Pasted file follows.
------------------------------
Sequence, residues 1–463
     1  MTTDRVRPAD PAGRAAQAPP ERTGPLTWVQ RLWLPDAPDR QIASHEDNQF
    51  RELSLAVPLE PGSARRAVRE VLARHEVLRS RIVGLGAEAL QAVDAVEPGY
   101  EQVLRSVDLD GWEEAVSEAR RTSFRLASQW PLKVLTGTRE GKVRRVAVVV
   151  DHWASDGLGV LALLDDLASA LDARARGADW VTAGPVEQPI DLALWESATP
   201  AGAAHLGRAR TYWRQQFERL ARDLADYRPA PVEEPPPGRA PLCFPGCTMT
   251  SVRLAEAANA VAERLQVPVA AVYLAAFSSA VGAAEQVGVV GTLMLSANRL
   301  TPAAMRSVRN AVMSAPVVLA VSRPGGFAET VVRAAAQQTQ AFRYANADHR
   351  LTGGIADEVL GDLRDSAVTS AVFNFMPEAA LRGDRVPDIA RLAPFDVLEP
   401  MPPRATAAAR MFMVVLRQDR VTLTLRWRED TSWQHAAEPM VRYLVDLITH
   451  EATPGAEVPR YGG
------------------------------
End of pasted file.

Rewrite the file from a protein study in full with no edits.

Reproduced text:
Sequence, residues 1–463
     1  MTTDRVRPAD PAGRAAQAPP ERTGPLTWVQ RLWLPDAPDR QIASHEDNQF
    51  RELSLAVPLE PGSARRAVRE VLARHEVLRS RIVGLGAEAL QAVDAVEPGY
   101  EQVLRSVDLD GWEEAVSEAR RTSFRLASQW PLKVLTGTRE GKVRRVAVVV
   151  DHWASDGLGV LALLDDLASA LDARARGADW VTAGPVEQPI DLALWESATP
   201  AGAAHLGRAR TYWRQQFERL ARDLADYRPA PVEEPPPGRA PLCFPGCTMT
   251  SVRLAEAANA VAERLQVPVA AVYLAAFSSA VGAAEQVGVV GTLMLSANRL
   301  TPAAMRSVRN AVMSAPVVLA VSRPGGFAET VVRAAAQQTQ AFRYANADHR
   351  LTGGIADEVL GDLRDSAVTS AVFNFMPEAA LRGDRVPDIA RLAPFDVLEP
   401  MPPRATAAAR MFMVVLRQDR VTLTLRWRED TSWQHAAEPM VRYLVDLITH
   451  EATPGAEVPR YGG